I think there are 6 keys to a successful transition:
1) Don't sell yourselves short! Any time you start something new, you always feel a bit uncomfortable as you get the feel of the new environment and learn its acronyms. But the reality is that you already have the skills that CEOs are looking for. The Conference Board, a business intelligence company, surveyed a group of CEOs several years ago, asking them what skills they were looking for in their employees. Here's what they said: good work ethic; good values; ability to work as a member of a team; good written and oral communications skills and ability to solve complex problems. Sound familiar? You've already got the hard to train skills.
2) Learn to ask for and accept help. You've come from an environment where it was all about the team and not the individual. Your training taught you to be part of a team, so it feels awkward to ask for help for yourself. Get over it! There are plenty of folks and organizations out there from both the public and private sector that are looking to make your transition back into society easier. It's OK to use them.
3) Build and use your network. One of the things I hear most as I talk to transitioning vets is, "What I really miss is the camaraderie." Over your service, you built bonds seared in combat that you will never forget. Yet we seem to go our own ways when we leave the service and lose track of our comrades. The U.S. military is a band of brothers and sisters that should be as strong supporting each other after we leave the military as we are when we are in it. That's where networking comes in. I don't have to tell you all about the power of social networking, but staying connected can reinforce your sense of still belonging, help you through your transition, and help you find a job. Platforms like RallyPoint will keep you connected, in touch, and maybe even employed.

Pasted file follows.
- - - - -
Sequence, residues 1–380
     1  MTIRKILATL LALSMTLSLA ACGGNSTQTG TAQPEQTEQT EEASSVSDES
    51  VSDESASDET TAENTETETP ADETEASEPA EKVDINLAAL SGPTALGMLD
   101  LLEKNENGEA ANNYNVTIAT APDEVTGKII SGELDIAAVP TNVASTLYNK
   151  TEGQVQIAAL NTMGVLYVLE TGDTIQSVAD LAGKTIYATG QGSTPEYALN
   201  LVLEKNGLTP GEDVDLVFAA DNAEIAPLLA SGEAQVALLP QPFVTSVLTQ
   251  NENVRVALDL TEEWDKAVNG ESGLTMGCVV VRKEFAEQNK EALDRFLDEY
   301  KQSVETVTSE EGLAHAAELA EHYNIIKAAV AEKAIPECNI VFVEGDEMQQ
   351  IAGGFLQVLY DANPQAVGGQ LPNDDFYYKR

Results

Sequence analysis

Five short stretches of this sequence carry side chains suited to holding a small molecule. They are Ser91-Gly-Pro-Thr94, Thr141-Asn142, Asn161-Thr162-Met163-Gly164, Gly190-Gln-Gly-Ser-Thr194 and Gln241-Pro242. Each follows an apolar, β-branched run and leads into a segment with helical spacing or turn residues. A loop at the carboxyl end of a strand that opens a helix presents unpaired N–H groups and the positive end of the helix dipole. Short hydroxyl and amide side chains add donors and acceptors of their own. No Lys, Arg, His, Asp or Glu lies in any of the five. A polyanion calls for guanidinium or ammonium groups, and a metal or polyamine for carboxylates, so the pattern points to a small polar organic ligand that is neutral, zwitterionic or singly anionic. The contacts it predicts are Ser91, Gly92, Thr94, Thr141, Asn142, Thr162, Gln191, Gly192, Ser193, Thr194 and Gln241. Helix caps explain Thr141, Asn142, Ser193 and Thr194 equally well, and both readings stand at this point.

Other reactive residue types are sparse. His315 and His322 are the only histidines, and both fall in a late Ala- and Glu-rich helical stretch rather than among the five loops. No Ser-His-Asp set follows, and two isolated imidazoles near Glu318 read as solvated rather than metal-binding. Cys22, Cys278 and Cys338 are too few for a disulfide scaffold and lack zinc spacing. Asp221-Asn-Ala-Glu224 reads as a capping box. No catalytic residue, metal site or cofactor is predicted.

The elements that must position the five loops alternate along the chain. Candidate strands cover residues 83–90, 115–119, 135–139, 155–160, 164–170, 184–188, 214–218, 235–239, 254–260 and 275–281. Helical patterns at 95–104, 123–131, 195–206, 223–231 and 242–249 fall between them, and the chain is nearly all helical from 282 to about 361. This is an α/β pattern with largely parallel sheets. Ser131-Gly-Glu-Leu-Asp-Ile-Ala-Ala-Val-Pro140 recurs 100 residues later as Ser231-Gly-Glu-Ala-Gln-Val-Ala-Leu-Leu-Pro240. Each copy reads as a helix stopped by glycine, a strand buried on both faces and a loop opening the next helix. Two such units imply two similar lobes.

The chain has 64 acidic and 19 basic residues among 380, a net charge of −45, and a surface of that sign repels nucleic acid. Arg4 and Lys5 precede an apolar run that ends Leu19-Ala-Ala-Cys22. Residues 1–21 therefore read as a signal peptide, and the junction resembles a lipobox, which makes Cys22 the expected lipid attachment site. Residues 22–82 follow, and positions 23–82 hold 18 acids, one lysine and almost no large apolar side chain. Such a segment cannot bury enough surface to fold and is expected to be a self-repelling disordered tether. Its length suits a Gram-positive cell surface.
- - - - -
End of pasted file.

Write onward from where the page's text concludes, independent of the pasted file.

4) Stay fit. Any time you go through a transition, it can be stressful. Staying physically, mentally, and emotionally fit takes work, but it will keep you resilient and help you get through the process. Make time to get the gym during the week, and if you know you are having trouble with something, get help quickly. You'll be stronger and more successful if you do.
5) Graduate. You succeeded during your time in the service because you persevered through some incredibly difficult situations. Your country and your family need you to take full advantage of the GI Bill to get the education you need to move this country forward. We need leaders with character and competence in both the public and private sectors. You can't be one of those leaders unless you graduate. You’ve always finished what you started so don't stop now.
6) Be Bold. My favorite quote is the one from Theodore Roosevelt about the "Man in the Arena." Don't let your "souls be counted among those cold and timid ones that know neither victory nor defeat." Nobody succeeds all the time, so everything you try won't be a huge success; but if you learn from your mistakes, do your homework, adapt and keep moving boldly forward, you'll be surprised what you will accomplish.
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*These opinions belong to the writer and in no way reflect the views of the DoD or other departments of the US government.